“It is refreshing to see a book such as this which is both broad in its conceptualization of the field of child research and deep in its focus. The volume's editors are paragons of awareness when it comes to the need for interdisciplinary research and theory to illuminate the lives and experience of children.”

James Garbarino, Loyola University Chicago

“Covers a satisfying and unprecedentedly wide range of research relating to childhood. The contributors include many eminent international scholars of childhood, making the book a valuable resource for child researchers. Child advocates will also find the book to be invaluable in their efforts to improve children's well-being, and to change policies and practices for the better.”

Anne Smith, University of Otago

“A really scintillating collection that will provide a lasting perspective on child studies - stimulating and comprehensive!”

Jonathan Bradshaw, University of York

In keeping with global changes in children's social and legal status, this Handbook includes examination of children as family members, friends, learners, consumers, people of faith, and participants in law and politics. The contributors also discuss the methodological and ethical requirements for research that occurs in natural settings and that enables children themselves to describe their perspective.

The book is divided into three parts: Part I: Setting-Specific Issues in Child Research; Part II: Population-Specific Issues in Child Research; Part III: Methods in Research on Children and Childhood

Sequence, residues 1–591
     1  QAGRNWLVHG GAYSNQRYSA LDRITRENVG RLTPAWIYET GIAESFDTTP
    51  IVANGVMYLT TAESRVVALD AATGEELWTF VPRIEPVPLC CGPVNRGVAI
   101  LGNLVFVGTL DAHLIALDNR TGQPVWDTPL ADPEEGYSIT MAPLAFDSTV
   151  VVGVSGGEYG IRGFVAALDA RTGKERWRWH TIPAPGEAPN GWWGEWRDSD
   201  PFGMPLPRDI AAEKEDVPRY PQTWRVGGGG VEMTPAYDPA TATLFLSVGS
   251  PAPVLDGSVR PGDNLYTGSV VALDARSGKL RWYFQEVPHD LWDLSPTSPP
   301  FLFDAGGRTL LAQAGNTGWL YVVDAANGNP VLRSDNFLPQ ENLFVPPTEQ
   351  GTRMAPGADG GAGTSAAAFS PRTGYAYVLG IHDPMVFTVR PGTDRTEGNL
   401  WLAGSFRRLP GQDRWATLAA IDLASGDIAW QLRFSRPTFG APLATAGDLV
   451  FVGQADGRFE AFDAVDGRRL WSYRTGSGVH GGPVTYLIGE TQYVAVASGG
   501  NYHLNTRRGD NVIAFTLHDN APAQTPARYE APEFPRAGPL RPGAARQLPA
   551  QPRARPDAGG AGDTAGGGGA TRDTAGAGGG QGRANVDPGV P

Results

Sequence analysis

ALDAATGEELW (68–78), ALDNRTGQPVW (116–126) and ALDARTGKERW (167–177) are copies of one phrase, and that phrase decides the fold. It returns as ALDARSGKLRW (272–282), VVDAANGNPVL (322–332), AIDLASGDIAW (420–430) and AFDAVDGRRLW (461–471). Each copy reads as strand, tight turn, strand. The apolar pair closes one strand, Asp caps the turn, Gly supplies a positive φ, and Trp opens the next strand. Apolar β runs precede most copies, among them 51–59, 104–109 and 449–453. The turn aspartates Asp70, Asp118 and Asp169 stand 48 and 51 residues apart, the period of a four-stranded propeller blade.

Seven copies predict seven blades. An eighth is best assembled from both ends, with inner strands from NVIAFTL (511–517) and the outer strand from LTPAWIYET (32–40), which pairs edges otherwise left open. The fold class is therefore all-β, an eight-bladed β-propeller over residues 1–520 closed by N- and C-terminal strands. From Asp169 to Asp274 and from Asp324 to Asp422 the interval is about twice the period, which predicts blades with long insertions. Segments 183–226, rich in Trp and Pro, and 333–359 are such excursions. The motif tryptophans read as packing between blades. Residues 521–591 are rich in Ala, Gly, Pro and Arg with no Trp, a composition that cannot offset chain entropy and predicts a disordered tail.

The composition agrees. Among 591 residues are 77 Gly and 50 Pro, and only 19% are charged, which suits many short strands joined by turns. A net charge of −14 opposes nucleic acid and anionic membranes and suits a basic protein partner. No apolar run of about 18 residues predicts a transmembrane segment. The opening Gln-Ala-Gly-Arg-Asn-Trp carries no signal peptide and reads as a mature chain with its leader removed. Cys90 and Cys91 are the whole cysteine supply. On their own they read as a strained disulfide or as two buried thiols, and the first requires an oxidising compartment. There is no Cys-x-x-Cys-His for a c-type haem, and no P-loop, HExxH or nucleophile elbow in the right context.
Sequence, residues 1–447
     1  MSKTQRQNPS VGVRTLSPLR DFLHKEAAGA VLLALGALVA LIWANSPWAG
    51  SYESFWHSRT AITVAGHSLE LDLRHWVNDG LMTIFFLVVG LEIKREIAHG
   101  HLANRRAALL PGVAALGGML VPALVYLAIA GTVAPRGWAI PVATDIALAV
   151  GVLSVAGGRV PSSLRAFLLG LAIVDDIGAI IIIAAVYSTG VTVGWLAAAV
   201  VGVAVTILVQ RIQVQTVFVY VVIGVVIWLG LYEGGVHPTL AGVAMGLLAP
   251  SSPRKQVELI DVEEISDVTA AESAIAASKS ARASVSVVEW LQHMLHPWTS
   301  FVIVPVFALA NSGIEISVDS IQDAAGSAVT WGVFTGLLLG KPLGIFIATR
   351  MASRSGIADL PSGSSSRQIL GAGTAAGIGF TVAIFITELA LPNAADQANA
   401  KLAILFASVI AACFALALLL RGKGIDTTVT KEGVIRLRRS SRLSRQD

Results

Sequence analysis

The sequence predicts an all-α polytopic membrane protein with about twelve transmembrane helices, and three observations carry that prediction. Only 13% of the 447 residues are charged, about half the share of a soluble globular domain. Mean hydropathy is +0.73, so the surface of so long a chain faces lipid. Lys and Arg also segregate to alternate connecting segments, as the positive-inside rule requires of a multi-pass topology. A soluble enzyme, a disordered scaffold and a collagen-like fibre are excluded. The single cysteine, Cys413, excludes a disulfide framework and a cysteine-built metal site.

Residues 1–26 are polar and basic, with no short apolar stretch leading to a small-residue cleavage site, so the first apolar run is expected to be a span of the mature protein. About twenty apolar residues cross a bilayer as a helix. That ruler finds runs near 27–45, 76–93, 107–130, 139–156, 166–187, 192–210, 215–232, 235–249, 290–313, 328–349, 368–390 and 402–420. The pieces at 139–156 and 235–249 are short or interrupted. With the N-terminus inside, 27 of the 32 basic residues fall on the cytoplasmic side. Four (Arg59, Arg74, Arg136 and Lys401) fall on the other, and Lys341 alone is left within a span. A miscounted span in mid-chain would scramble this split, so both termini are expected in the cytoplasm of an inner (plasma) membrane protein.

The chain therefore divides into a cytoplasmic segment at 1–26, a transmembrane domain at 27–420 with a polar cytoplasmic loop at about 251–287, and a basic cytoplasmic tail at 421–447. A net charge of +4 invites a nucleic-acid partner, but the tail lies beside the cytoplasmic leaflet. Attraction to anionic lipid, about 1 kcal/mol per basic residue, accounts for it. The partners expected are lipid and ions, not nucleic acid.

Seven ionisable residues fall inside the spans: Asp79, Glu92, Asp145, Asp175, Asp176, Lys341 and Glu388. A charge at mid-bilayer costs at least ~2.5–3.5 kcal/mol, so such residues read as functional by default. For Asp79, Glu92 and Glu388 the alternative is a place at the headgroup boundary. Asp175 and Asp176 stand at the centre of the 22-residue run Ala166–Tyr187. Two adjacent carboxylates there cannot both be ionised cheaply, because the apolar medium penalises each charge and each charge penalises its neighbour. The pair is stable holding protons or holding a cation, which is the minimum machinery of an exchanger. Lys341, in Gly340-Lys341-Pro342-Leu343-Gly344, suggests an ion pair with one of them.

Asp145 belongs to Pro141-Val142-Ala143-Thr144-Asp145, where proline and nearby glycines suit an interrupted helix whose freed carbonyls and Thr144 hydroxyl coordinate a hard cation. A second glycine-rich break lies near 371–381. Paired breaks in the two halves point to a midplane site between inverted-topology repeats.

Use of Administrative Data in Childhood Research

Use of administrative data in childhood research
Bong JooLee

Over the past two decades, there has been a steady increase in the use of administrative data to construct child indicators, to evaluate child and family services and education, and to generally study child well-being and the family and community conditions in which children live. Although the status of the use of administrative data varies from country to country and often within countries, access to this data source by researchers has generally improved, although there are still many bureaucratic, legal, and technical obstacles. These data are typically available in many domains of child well-being, including education, human services, health, juvenile justice, anti-poverty programs, nutrition, and child maltreatment.1

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